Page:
There are a number of ways to maintain positive thoughts about your goals. The key to many of them is the concept of the locus of control. Basically, a person’s locus of control determines how he or she views life.
If I have an internal locus of control, I believe myself to be responsible for most of the events in life that I experience. If I have an external locus of control, I tend to see forces outside of myself determining what happens. Obviously, an internal locus of control is healthier and more productive. There are several ways you can help strengthen an internal sense of control.
Like positive thinking, visualization is really a matter of using your imagination for self-improvement. The subconscious doesn’t differentiate between real events and imagined ones, so many times we worry that something’s going to go wrong, and our negativity is reinforced when it does. Several people I know well have made it a habit to “picture the worst that can happen” as a defense: nothing ever really turns out that bad, so reality is easy to take.
Visualize winning. — Gary Player, South African golfer
On the other hand, if you visualize yourself working towards and attaining your goals, your subconscious processes it just as if you’ve actually done it, which makes the actual goal easier to attain.
Baby Steps: Setting Intermediate Goals
A better approach is to gradually increase the exercise. I may want to swim fifty laps, but that’s impossible in my present state. If I want to achieve that goal, I have to break things down into smaller pieces. I can do five laps comfortably. Great! Now I could be negative about this: “That’s not going to do any good;” “I’ve got no endurance.” Or I can celebrate the fact that five laps is more than I’ve done in years, and slowly add a lap each time I go to the pool.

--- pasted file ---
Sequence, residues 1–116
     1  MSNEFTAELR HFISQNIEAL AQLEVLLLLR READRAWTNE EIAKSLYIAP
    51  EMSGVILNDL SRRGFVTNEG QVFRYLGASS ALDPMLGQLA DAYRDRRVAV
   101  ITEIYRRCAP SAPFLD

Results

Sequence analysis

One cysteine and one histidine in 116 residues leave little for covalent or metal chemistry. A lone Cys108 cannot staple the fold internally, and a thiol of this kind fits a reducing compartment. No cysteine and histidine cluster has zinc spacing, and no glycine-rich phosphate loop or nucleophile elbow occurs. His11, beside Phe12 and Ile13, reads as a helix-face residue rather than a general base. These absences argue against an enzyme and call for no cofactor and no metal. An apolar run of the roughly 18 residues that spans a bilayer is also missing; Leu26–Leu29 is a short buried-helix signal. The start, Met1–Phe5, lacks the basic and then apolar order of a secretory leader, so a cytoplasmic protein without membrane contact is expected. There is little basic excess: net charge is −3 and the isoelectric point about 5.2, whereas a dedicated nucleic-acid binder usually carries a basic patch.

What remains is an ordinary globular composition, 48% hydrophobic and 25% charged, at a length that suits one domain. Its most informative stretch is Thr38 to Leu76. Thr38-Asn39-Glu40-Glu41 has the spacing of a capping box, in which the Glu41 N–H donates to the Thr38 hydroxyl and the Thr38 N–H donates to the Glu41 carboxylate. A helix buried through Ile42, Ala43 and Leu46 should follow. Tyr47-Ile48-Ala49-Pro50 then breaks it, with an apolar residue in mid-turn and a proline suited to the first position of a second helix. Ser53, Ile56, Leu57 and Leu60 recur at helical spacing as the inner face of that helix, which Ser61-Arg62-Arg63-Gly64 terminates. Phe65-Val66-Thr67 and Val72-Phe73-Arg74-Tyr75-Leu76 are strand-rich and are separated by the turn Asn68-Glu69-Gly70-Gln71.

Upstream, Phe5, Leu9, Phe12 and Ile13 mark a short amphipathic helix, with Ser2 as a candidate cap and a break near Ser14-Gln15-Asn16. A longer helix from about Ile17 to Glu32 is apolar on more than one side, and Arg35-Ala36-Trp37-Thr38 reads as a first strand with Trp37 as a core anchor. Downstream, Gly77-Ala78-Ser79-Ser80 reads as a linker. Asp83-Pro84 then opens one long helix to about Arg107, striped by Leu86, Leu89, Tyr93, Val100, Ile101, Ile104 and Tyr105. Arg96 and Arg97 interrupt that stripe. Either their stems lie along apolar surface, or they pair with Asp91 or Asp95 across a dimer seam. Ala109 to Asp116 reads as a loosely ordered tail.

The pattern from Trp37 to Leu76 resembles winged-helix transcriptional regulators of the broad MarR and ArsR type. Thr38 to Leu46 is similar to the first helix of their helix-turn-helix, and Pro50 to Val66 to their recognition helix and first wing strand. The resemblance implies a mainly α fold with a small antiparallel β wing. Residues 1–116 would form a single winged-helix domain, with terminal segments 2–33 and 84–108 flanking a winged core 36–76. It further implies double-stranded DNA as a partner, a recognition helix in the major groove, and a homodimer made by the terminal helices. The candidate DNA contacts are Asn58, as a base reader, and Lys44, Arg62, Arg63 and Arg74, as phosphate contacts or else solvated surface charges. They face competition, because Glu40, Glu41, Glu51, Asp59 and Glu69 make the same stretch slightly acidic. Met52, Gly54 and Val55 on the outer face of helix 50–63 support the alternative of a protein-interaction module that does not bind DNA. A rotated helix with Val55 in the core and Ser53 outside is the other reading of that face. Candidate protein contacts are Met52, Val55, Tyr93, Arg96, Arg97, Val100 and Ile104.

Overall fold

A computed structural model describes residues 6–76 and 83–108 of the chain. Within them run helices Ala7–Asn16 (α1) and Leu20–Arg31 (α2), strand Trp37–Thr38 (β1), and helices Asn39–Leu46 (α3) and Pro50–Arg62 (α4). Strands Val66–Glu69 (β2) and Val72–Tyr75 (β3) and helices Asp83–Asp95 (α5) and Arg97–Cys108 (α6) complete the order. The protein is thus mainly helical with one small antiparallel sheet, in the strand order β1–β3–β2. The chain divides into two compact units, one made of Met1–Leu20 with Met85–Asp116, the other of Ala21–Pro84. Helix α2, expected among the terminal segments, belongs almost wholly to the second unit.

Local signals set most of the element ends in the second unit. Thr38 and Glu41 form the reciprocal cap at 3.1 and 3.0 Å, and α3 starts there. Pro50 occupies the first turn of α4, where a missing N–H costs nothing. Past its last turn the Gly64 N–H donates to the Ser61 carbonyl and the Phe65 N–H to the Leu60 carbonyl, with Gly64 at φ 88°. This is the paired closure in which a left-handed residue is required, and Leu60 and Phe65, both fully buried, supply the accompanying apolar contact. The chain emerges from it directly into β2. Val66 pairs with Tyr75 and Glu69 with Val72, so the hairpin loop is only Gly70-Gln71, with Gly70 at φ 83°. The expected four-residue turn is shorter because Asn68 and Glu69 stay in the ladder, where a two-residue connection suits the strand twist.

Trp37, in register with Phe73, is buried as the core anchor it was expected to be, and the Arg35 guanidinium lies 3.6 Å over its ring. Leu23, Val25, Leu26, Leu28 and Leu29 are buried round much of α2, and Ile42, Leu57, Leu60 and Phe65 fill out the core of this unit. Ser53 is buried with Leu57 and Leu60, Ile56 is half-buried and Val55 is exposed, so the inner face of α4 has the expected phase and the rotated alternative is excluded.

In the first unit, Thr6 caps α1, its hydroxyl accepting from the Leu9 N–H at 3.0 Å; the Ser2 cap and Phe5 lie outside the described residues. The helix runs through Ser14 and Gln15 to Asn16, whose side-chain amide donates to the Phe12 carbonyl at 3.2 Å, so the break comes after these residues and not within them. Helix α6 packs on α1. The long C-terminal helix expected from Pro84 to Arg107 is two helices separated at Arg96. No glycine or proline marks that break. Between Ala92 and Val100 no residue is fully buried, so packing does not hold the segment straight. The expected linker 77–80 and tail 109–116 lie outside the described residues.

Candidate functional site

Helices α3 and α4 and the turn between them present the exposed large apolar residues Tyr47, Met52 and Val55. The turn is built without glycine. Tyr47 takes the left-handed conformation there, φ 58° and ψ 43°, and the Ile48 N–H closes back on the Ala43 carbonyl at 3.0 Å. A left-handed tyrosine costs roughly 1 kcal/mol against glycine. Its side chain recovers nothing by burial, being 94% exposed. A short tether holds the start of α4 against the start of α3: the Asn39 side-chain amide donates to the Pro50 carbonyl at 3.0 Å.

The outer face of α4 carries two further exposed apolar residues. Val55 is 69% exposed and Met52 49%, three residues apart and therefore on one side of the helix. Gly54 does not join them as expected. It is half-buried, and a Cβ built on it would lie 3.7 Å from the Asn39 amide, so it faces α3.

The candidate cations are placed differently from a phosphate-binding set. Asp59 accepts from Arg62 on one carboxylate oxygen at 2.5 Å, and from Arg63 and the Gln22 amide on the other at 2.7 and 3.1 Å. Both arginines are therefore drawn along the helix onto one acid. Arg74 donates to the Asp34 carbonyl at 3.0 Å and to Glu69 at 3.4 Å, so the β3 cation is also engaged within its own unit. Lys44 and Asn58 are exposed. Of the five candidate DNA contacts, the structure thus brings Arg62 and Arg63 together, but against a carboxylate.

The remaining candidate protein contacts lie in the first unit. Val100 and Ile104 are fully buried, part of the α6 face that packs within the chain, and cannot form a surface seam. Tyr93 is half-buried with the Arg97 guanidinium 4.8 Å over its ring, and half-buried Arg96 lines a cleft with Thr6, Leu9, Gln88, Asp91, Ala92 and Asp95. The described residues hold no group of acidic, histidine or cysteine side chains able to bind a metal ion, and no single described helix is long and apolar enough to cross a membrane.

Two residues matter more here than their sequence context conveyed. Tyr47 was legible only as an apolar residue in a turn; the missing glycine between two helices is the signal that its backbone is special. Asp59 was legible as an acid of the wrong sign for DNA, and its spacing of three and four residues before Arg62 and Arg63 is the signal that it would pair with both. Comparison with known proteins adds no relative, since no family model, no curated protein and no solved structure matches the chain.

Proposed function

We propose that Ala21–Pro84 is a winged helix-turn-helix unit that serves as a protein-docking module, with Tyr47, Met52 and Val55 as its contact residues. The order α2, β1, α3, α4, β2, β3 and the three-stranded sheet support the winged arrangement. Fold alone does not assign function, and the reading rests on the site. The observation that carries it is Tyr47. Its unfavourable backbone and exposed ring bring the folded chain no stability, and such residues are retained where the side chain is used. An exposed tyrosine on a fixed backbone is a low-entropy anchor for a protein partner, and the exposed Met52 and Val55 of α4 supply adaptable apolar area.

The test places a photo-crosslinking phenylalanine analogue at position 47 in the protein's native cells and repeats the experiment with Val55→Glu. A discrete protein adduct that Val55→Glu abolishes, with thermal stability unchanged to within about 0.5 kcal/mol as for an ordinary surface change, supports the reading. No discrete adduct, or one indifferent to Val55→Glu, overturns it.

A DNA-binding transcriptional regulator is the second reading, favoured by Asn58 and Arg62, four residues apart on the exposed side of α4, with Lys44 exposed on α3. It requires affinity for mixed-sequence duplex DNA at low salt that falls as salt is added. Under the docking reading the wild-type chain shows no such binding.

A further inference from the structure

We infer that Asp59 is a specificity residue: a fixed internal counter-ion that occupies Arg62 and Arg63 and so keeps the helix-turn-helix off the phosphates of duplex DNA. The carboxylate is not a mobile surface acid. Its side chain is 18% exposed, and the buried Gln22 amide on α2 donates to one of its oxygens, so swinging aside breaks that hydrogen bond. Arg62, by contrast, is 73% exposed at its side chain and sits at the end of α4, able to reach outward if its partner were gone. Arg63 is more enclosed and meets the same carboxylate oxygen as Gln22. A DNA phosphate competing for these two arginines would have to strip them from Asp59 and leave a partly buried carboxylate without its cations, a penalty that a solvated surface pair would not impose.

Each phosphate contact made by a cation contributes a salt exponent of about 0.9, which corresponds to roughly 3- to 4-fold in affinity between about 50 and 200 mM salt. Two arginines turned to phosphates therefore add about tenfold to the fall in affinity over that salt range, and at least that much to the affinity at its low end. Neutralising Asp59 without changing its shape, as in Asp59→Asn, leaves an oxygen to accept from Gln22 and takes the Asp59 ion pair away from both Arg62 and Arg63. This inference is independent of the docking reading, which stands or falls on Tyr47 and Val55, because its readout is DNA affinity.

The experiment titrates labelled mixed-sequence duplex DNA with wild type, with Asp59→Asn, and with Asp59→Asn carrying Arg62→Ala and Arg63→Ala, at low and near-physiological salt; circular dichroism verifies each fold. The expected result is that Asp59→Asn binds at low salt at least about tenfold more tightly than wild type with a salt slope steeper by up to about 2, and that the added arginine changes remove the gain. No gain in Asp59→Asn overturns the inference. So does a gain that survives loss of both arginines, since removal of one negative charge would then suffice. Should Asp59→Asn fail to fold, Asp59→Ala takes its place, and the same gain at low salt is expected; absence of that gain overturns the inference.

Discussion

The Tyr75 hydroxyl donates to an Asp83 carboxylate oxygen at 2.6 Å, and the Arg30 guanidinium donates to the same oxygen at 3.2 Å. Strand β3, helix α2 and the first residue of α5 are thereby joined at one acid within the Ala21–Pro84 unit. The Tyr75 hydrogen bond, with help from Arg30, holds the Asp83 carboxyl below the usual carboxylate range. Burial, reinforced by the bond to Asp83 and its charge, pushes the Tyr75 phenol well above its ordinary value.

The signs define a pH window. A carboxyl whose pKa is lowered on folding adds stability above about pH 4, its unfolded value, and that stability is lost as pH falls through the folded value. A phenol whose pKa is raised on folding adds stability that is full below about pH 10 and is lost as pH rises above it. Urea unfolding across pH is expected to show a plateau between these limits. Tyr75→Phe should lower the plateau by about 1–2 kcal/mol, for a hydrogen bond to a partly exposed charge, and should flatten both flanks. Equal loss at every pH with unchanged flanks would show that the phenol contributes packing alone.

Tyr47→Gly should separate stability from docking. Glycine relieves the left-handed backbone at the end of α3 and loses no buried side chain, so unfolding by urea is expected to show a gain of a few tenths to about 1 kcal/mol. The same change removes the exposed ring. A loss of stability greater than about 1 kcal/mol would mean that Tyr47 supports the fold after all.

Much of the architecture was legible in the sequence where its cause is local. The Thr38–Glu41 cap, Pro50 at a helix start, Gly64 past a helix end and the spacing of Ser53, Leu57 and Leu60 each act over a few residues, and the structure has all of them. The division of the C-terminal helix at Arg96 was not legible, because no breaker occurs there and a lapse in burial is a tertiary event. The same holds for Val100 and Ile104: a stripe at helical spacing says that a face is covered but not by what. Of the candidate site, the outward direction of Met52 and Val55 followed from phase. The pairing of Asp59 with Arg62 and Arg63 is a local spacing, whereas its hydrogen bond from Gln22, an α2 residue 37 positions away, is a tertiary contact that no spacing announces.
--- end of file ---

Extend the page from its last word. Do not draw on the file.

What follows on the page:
And don’t underestimate the power of positive thinking and visualization. Every time I’m in the pool, I visualize myself swimming those fifty laps. If I can get a friend to swim with me, that’s even better—it adds a social aspect, and I have the added motivation of having made arrangements to meet someone at the pool. Before I know it, I’m swimming fifty laps, and feeling a lot better about myself!
Goals are dreams with deadlines. — Diana Scharf Hunt
Attaining a goal is often a difficult process. (It wouldn’t be a goal if it was easy, right?). We can use a variety of tricks and techniques as motivation for working towards our goals. It doesn’t matter how silly a technique may sound to others, as long as it works for you.
I know a teacher who, faced with piles of boring English essays to read, rewards herself with half a chocolate bar for every three essays she grades. It gives her an incentive to keep going!
If chocolate isn’t a motivator for you (kinda counterproductive if you’re trying to lose weight), try another technique like rewarding yourself with a new CD, DVD or book. You could also treat yourself to a massage or a new outfit. Rewards are individual, so decide what works best for you!
With the hectic bustle of today’s lifestyles, it’s essential that we learn to manage our time effectively if we’re going to attain our goals. Fortunately, there’s a wide variety of websites, self-help books and motivational audiotapes that can teach us how to manage time successfully (let’s face it: time management is a goal unto itself!).
You can also combine time with a success image for a powerful combination. Find a one-hour hourglass. When the sand runs through it completely, stop what you’re doing and look back over the hour. Acknowledge how much work you’ve done towards your goal in that hour. If you look back and see that you’ve done very little, remind yourself that pauses are necessary in any journey, and resolve to do more in the next hour. Instead of being overwhelmed by an eight or ten hour day, break down your day into these one-hour pieces that you can value and assess without feeling that you’ve lost an entire day.
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